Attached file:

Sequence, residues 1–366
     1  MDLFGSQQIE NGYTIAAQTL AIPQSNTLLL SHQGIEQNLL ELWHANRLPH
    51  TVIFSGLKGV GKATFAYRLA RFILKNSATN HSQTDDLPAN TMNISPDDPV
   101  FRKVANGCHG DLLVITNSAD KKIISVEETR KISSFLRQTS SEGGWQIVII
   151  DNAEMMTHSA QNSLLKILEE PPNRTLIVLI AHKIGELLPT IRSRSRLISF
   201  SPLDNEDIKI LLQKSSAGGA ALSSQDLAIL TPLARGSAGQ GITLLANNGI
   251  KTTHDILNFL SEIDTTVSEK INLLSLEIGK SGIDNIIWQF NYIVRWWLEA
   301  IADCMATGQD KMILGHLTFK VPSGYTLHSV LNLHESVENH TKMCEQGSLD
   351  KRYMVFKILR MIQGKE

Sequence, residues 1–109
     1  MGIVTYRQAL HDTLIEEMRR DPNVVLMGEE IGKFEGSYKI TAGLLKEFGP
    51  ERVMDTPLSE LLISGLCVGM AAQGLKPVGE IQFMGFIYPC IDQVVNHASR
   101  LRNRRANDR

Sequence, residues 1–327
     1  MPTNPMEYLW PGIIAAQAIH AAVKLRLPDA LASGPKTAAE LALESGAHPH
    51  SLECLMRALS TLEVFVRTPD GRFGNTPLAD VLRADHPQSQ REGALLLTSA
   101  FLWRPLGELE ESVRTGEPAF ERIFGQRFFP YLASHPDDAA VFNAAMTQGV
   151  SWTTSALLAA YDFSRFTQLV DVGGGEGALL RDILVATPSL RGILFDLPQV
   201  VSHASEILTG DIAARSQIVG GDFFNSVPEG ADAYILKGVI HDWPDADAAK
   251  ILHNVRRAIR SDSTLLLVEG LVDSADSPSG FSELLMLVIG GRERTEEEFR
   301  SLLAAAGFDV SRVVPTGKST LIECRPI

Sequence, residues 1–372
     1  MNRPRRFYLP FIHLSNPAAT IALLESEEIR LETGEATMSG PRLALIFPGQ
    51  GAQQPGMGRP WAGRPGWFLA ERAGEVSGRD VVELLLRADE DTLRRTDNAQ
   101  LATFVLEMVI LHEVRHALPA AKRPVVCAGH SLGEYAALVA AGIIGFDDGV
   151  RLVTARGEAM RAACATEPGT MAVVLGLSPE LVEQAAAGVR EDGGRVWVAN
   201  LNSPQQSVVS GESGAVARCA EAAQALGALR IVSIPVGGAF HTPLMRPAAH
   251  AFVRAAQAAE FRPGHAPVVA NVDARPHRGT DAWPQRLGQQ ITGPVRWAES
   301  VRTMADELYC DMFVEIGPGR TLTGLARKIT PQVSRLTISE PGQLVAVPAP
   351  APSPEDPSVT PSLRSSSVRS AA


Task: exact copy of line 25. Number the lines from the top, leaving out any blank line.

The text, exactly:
   101  LATFVLEMVI LHEVRHALPA AKRPVVCAGH SLGEYAALVA AGIIGFDDGV